The world’s coral reef ecosystems were in serious trouble before the advent of rapid climate change due to the enhanced greenhouse effect. The prognosis for their future is undoubtedly dire and their loss, severe degradation and change in community structure that will result from ongoing climate changes, would be catastrophic at many levels. These threats are in addition to ongoing localized degradation and deterioration of coral reef ecosystems due, primarily, to over exploitation.27 Although many value coral reefs for their aesthetics, the majority of people who depend on coral reefs for their livelihoods (fisheries, tourism, shoreline protection) live in poor, developing countries who contribute only a tiny part of the world’s greenhouse gas emissions. A recent estimate is ∼10% of the world’s population live within 100 km of coral reefs and ∼90% of these people live in developing nations—∼63% of people (415 million) living within 100 km of coral reefs live in countries where per capita GDP is <US$5000.109 This compares with a per capita GDP for Australia, which contains ∼22% of the world’s coral reef area, of ∼$US33[thin space (1/6-em)]000. As with many aspects of climate change, the people who are likely to suffer the greatest impacts are those from developing countries who have contributed the least to global warming.110

A plethora of scientific papers, national and international reports and scholarly books now document the nature, impacts and potential consequences of ongoing rapid climate change for coral reefs, as well as local direct human impacts.58,111–113 There is a clear consensus that the world’s coral reefs are in trouble and that the alarm bells have been ringing for decades. The future of coral reefs as climate continues to change is inextricably linked to coral reef health. Some coral reefs have shown the ability to withstand disturbances, such as coral bleaching (resistance), and some coral reefs have shown the ability to recover from such disturbances (resilience).114,115 These attributes can be the result of such coral reefs being dominated by resistant species or to their physical environment reducing the probability of stress. Reducing and reversing local, direct insults to coral reefs clearly increases their resilience to global-scale climate change—“healthy” coral reefs, for example, recovered better after the major 1997–98 world-wide coral bleaching event than those already compromised by local anthropogenic stresses or diseases.28 Increasing the resilience of the world’s coral reef ecosystems requires integrated national and international actions and a greatly expanded network of marine protected areas.24

Even with rapid global implementation of stringent mitigation strategies to stabilize and reduce greenhouse gas emissions, the world and coral reefs are committed to significant rapid climate change, increased acidification of the oceans and accelerated sea-level rise. The issue is not just a “change” from one climate regime to a new one, to which organisms have to adapt BUT that for the foreseeable future, climate will be changing and it could be a long time before a new, relatively stable climate regime is reached (i.e. one not influenced by human activities). Indeed, even if it were possible to stabilize greenhouse gas concentrations at their present levels, we are still committed to “future climate changes that will be greater than those we have already observed”.116,117 Although coral reefs have a long geological history, there is now a severe mismatch in timescales for successful organism adaptation (thousands to millions of years vs. tens to hundreds of years).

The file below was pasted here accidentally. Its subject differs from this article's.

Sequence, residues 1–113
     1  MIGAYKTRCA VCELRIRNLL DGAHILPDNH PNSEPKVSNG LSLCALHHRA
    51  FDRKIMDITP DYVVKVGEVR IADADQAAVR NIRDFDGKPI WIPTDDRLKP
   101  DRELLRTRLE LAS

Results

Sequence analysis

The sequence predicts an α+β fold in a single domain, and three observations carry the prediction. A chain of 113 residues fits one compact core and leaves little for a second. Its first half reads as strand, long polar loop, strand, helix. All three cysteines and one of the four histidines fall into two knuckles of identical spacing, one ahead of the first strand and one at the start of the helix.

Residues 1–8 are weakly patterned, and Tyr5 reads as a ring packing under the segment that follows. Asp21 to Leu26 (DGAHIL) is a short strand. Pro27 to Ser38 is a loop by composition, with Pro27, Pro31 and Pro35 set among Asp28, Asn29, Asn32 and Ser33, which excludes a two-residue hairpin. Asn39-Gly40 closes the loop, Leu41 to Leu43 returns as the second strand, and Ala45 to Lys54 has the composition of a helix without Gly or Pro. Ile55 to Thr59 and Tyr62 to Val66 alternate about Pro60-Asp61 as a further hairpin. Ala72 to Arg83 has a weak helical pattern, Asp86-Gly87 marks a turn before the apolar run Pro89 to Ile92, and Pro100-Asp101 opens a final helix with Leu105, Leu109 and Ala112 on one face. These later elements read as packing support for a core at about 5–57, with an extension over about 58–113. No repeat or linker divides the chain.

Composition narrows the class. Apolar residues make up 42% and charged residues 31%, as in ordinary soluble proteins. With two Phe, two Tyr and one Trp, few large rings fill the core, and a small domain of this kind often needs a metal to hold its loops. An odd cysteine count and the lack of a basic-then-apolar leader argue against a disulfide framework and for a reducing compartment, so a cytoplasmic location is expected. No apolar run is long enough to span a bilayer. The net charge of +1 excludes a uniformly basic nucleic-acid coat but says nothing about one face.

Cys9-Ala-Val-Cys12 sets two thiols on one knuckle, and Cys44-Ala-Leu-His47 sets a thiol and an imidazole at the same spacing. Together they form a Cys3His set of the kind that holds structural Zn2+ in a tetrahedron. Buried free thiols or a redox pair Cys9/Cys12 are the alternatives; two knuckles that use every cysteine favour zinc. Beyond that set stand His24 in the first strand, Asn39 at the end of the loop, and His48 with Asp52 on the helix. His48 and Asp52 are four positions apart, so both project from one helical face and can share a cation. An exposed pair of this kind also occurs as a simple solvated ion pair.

Various aspects of our current experiment with the global climate system pose significant challenges for even the most well-managed and highly protected of the world’s coral reefs, such as the GBR—a vast ecosystem that we do not even fully understand in its present form. Coral reefs are unlikely to disappear everywhere, although some are clearly already beyond recovery. We may well witness within our lifetimes a shift from coral reefs dominated by corals to reef communities dominated by algae and filter feeders. Coral reefs are also not just corals, these rich, biodiverse marine ecosystems provide habitat and food to a wealth of other animals and plants which, in turn, provided millions of people with economic and social benefits. To enter a world of “low coral cover” could be one of the earliest and most profound consequences of global climate change due to human activities.

Acknowledgements

The author thanks two anonymous reviewers for their very helpful comments.